[erlang-questions] Erlang basic doubts about String, message passing and context switching overhead

Michael Truog mjtruog@REDACTED
Sun Jan 15 03:25:25 CET 2017

||This thread started to talk about the need for unicode functionality in Erlang and how it exists currently in Elixir but not in Erlang.  I created a repository with the Elixir functions created as Erlang functions in an Erlang module as an example of what I want at https://github.com/okeuday/unicode_data/

The generated module (unicode_data) only includes functions from the first Erlang module contained in unicode.ex (Elixir.String.Unicode) though it does bring up some important topics:
1) Add the unicode version to the Erlang module version.  The generated unicode_data module has a timestamp suffix, so we know both the unicode version and the timestamp when the unicode_data module was generated.
2) Use only lists, not binaries, to make sure all temporary data stays on the heap of the Erlang process.  That should be best for performance, though I haven't proved that with any performance testing.

I haven't added tests, though I have compared the unicode_data Erlang module, to the Elixir.String.Unicode module and the data looks correct.  Mainly thought this would help the discussion.

Best Regards,

On 01/10/2017 10:58 AM, Bhag Chandra wrote:
> Hello,
> I have been coding in Erlang for 2 years.  A wonderful language but not very big community, so I cant discuss my questions with programmers around me (Java, Python guys). I found out about this list today.
> I have some fundamental doubts about the Erlang. It would be great if someone can help me clarify them.
> 1) "Strings in Erlang are internally treated as a list of integers of each character's ASCII values, this representation of string makes operations faster. For example, string concatenation is constant time operation in Erlang."  Can someone explain why?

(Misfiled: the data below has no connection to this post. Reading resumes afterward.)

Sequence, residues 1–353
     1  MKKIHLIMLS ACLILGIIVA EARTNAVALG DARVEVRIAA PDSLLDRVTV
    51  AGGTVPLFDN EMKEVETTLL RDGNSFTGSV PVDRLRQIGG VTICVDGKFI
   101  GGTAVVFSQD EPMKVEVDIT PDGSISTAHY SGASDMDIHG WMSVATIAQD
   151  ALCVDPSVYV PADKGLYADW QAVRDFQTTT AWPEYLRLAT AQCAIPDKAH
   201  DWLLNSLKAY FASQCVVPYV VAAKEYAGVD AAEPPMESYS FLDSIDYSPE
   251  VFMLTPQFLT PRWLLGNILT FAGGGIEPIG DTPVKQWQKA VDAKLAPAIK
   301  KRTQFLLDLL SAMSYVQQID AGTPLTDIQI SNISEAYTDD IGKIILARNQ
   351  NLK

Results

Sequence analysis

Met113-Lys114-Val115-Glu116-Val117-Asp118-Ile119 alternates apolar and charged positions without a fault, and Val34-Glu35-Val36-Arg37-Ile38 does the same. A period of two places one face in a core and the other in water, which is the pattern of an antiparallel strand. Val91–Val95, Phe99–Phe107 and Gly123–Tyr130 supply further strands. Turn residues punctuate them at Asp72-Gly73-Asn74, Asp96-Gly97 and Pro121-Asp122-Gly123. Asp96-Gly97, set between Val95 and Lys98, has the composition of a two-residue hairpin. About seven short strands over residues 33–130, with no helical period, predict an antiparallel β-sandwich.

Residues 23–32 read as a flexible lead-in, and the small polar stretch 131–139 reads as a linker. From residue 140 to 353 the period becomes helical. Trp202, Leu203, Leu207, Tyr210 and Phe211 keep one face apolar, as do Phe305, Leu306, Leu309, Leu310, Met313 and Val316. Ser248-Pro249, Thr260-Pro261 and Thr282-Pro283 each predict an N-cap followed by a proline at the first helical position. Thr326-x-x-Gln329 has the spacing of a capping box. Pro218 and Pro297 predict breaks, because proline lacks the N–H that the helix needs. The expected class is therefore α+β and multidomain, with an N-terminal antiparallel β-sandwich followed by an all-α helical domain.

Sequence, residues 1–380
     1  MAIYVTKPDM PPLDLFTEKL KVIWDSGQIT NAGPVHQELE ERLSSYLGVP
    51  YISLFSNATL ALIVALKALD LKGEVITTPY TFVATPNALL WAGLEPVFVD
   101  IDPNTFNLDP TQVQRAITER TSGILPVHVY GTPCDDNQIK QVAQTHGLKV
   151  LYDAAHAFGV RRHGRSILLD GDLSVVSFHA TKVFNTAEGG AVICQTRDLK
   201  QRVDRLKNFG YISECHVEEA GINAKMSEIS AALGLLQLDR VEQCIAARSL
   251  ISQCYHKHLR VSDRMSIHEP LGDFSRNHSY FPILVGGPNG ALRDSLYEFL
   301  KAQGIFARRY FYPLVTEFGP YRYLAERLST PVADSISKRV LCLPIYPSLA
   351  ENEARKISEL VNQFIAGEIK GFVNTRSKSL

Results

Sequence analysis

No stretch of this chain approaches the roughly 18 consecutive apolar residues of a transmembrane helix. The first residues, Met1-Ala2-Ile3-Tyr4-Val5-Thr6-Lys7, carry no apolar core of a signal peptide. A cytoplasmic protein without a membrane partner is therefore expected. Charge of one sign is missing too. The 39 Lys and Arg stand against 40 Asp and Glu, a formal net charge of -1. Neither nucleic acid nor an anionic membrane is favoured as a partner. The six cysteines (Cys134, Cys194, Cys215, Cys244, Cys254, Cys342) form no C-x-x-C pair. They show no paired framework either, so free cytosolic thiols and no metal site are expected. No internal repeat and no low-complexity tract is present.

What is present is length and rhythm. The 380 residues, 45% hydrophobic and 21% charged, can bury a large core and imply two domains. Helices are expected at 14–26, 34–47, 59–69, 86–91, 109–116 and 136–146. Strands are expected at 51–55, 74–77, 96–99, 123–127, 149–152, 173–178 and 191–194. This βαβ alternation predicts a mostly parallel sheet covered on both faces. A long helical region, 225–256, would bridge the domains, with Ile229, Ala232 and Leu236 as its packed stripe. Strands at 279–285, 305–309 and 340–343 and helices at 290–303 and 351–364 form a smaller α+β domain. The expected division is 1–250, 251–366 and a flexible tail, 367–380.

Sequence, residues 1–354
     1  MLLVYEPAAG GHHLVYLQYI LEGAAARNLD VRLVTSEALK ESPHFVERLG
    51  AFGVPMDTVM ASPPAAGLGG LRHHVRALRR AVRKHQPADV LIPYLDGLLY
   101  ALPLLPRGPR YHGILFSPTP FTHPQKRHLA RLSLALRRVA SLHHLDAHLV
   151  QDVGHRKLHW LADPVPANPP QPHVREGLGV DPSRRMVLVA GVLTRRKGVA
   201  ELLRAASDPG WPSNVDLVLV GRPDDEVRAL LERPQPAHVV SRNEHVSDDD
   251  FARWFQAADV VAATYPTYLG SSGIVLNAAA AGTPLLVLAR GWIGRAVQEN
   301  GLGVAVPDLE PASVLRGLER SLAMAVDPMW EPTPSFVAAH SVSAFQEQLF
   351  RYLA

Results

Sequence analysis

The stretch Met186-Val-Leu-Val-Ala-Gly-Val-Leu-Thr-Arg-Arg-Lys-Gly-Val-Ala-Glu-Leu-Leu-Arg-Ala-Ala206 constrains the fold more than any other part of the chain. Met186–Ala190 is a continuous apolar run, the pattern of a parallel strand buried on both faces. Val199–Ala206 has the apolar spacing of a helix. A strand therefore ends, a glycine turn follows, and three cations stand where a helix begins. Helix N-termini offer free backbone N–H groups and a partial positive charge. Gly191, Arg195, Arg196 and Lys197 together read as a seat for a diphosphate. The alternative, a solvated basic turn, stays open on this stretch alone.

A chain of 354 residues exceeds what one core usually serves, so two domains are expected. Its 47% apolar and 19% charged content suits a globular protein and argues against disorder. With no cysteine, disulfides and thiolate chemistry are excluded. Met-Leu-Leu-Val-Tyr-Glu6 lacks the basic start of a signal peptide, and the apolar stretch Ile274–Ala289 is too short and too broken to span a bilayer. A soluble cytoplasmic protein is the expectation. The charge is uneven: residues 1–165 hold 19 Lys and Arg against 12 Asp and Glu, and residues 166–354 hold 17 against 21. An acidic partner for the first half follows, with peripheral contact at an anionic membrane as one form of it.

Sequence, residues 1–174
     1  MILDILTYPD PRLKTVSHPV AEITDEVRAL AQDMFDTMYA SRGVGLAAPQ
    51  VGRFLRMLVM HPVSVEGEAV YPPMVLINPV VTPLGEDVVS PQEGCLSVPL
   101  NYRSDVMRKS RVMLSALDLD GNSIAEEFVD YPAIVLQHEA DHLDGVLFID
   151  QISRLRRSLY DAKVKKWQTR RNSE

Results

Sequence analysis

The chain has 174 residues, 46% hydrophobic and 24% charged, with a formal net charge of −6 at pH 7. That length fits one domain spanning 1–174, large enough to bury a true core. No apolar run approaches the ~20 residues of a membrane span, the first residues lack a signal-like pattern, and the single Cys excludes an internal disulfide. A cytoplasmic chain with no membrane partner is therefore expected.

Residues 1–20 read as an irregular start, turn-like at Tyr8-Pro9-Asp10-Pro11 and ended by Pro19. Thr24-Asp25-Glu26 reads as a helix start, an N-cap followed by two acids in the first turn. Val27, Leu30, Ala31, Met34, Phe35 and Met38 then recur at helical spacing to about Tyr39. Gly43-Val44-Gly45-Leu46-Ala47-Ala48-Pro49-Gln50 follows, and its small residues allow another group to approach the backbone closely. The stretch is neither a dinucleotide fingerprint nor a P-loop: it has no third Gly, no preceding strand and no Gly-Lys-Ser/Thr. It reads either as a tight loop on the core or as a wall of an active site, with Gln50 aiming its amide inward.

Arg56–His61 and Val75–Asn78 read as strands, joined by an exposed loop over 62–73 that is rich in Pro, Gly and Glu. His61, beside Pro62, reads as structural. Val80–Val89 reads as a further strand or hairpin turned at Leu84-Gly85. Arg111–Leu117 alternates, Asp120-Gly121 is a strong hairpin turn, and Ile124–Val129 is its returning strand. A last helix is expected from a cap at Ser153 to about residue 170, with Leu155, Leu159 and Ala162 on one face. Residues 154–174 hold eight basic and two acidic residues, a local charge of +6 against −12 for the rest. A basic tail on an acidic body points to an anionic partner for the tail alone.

> 2) "It makes sense to use Erlang only where system's availability is very high".  Is it not a very general requirement of most of the systems? Whatsapp to Google to FB to Amazon to Paypal to Barclays etc they all are high availability systems, so we can use Erlang in all of them?
> 3) "Every message which is sent to a process, goes to the mailbox of that process. When process is free, it consumes that message from mailbox". So how exactly does process ask from the mailbox for that message? Is there a mechanism in a process' memory which keeps polling its mailbox. I basically want to understand how message is sent from mailbox to my code in process.
> 4) We say that a message is passed from process A to process B by simply using a bang (!) character, but what happens behind the scenes to pass this message? Do both processes establish a tcp connection first and then pass message or what?
> 5) At 30:25 in this video ( https://youtu.be/YaUPdgtUYko?t=1825 ) Mr. Armstrong is talking about the difference between the context switching overhead between OS threads and Erlang processes. He says, thread context switching is of order 700 words but Erlang process context switching is ... ?
> I cant understand what he said, if someone could tell.
> P.S. Please excuse for any grammatical errors, English is not my first language.
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